The Wall Street Journal broke the story on the eve of July 6 that it was expected that the Trump administration would halt "risk adjustment payments" to Affordable Care Act (ACA) plans. The next day and unusually on a Saturday, CMS confirmed the story.

Journalists have since then, scrambled to grapple with the surprisingly nuanced concepts of healthcare risk adjustments. From reading some of the articles, one might think that this is a similar case to that of cutting short risk corridor payments or cost share subsidies. It is not.

Risk adjustment payments are (effectively) not made by CMS. Risk adjustment, instead, are payment transfers between ACA issuers and in no way are funded by tax payers. This is the concept of budget-neutrality. An ACA issuer that enrolls healthier individuals, and thus spends far less on their care than the premium it collects, writes a check to another issuer that enrolls sicker individuals (and spends more on their care than it collects in premium).

In article formula pic

CMS acts as an intermediary to facilitate the transfer of money. It is by this transfer of funds between issuers that the risk is mitigated, and issuers can enroll individuals without first underwriting them and directly charging sicker individuals more for coverage (or denying coverage altogether).

These payments are an essential pillar of ACA and written in the law. Many issuers depend on this process for continued operations. Halting of the payments for any significant length of time has the opposite effect than their intent, boosting of risk rather than its mitigation.

The rationale of halting payments is soft at best (123), and the timeline of events is a clue.

Given the rather complicated nature of the risk adjustment program, it is not surprising to find confusion and conclusions built upon shaky premises. For example, articles have suggested how some issuers are 'losing' because they are making payments to other issuers and vice versa. One cannot infer profitability solely from the direction or magnitude of the risk adjustment transfers. In fact, some of the issuers that are making large payments to others are the most profitable. Similarly, arguments have been made that these transfers disadvantage certain types of issuers (e.g. small carriers) based on the direction of the payments. Again, the support from data is not proportional to the conviction with which these arguments are made.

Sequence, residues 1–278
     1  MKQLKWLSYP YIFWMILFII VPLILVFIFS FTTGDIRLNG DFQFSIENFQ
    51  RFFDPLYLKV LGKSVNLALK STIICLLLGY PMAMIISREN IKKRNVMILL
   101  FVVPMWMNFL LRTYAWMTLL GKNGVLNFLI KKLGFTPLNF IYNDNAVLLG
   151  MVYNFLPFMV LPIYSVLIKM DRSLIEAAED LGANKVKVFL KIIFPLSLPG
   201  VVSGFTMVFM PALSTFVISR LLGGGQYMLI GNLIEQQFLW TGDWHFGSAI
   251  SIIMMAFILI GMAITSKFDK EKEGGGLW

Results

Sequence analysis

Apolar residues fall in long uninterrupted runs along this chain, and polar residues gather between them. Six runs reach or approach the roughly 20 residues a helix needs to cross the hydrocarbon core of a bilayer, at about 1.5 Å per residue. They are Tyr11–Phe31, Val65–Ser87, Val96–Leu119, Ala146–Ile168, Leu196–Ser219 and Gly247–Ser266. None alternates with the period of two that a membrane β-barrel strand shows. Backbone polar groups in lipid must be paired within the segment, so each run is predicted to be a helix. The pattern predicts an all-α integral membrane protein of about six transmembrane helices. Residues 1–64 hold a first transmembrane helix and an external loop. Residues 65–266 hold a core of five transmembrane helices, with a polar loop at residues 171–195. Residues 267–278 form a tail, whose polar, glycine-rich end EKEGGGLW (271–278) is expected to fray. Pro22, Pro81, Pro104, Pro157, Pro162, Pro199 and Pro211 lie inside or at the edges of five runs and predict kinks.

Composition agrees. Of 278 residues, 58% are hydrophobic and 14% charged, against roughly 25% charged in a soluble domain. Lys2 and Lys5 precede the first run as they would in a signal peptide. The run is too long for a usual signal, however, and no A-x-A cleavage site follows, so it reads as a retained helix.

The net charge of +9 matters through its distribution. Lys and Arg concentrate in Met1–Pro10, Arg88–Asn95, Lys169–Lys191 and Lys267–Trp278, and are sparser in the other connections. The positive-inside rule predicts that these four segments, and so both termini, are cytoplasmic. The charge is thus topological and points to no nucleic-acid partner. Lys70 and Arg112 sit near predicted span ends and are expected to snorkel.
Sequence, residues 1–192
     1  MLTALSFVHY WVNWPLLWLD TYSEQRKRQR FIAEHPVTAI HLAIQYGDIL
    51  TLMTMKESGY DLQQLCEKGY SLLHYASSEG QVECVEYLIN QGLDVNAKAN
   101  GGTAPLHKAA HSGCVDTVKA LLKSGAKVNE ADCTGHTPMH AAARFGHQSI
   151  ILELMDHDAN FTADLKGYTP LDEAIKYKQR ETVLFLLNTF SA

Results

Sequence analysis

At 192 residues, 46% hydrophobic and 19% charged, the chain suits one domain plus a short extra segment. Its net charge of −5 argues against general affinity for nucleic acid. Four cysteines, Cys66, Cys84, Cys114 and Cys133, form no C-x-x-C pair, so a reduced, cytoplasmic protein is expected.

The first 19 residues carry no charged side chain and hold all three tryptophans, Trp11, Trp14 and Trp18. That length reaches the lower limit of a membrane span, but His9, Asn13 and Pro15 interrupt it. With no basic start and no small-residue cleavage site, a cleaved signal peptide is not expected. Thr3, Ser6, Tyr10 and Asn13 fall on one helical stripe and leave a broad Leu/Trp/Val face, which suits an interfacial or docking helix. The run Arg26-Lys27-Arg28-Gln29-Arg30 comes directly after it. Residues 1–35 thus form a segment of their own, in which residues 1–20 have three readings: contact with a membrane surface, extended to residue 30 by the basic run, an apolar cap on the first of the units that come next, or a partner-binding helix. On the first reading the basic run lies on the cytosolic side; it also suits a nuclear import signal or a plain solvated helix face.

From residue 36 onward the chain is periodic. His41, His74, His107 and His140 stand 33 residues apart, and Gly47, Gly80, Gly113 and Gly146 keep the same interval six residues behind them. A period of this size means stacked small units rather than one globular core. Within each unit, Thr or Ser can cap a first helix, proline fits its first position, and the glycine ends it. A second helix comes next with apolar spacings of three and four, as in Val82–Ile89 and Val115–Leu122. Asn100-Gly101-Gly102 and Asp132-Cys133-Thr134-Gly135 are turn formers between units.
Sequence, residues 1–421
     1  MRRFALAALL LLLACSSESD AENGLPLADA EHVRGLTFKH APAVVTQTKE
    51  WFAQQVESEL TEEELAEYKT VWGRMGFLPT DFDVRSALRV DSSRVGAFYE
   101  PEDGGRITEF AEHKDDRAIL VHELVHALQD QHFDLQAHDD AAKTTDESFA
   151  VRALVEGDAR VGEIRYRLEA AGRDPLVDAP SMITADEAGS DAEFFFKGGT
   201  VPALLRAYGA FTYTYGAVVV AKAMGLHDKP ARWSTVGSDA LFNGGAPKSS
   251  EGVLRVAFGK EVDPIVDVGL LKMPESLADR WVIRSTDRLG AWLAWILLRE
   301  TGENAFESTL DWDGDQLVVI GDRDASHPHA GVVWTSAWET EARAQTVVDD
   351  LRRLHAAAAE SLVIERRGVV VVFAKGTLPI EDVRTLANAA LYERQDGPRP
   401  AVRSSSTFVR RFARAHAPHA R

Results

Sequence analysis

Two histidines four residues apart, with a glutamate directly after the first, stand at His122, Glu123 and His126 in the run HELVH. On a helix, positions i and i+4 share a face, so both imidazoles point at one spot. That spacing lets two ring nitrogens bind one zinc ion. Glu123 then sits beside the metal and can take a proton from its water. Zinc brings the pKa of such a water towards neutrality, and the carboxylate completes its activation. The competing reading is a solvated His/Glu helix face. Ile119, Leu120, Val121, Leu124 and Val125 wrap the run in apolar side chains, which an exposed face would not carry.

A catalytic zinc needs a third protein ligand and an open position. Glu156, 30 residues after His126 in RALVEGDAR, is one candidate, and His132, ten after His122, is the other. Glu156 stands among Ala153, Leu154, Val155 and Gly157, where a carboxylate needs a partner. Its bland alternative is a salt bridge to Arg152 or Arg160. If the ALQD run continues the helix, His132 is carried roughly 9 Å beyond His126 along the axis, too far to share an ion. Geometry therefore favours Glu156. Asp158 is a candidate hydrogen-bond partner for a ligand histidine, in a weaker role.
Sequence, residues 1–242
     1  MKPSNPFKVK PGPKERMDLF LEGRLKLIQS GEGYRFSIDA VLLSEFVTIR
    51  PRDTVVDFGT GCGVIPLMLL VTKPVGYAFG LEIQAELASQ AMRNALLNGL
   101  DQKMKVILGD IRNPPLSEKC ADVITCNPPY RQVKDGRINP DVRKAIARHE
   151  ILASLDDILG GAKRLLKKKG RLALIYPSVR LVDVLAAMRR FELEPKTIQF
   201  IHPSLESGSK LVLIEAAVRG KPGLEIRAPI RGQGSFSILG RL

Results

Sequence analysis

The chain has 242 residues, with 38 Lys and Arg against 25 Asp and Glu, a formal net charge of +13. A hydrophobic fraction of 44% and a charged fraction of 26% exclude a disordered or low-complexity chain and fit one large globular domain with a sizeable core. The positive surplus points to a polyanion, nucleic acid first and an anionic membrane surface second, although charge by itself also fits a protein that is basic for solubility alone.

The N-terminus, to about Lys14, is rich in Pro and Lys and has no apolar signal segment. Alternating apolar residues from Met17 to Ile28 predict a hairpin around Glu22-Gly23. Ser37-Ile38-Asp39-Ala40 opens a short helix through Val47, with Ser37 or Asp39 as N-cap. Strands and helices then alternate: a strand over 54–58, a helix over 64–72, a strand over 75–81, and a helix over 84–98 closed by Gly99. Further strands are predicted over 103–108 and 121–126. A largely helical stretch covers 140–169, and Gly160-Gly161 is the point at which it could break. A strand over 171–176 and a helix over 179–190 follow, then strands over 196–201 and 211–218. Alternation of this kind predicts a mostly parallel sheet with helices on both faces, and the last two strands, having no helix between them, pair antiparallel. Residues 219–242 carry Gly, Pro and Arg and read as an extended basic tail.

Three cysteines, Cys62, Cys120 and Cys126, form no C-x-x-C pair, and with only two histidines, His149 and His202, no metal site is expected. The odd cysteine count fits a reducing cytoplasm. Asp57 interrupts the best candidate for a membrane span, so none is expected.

At heart of the present issue is the use of the statewide average premium in the risk adjustment transfer formula. Some have argued for the use of a carrier's own average premium instead. That change however, could make it easier for issuers to manipulate the transfers to their benefit while simultaneously ensuring that sicker individuals are under-compensated by the program. It would also result in far greater uncertainty in payments and charges, which may result in higher premiums or issuers attempting to avoid enrolling sicker individuals. The argument makes less sense as a matter of public policy than it does from the perspective of some issuers.

Risk adjustment is not perfect. There are legitimate issues and unsurprisingly, there have been material changes from 2014 to now (e.g. partial year adjustments, reduction in statewide average premium to discount admin portion in transfers, pharmacy data, etc.). However, halting of the payments introduces unnecessary uncertainty in an already anxious environment for the five-year old program.

Ironically, this comes at a time when issuers are starting to make better margins in the ACA program. Insurers expecting to make payments this year will not necessarily be cheerleaders of this development. The program is generating better margins for more issuers than it did before - and they may see this as a threat to good business.

Note: Any opinions expressed are my own and do not necessarily reflect those of my employer or colleagues. The article draws, in part, upon my experience with the unique and heavy-duty research performed at Wakely under the WNRARand WRINR programs.